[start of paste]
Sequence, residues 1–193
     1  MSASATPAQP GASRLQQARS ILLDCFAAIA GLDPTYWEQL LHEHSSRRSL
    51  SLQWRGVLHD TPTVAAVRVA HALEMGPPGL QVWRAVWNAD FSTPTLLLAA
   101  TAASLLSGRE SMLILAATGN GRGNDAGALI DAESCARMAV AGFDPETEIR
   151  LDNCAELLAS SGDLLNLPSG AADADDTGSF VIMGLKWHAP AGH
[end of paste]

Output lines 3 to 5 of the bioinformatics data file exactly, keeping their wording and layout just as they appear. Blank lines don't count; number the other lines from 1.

    51  SLQWRGVLHD TPTVAAVRVA HALEMGPPGL QVWRAVWNAD FSTPTLLLAA
   101  TAASLLSGRE SMLILAATGN GRGNDAGALI DAESCARMAV AGFDPETEIR
   151  LDNCAELLAS SGDLLNLPSG AADADDTGSF VIMGLKWHAP AGH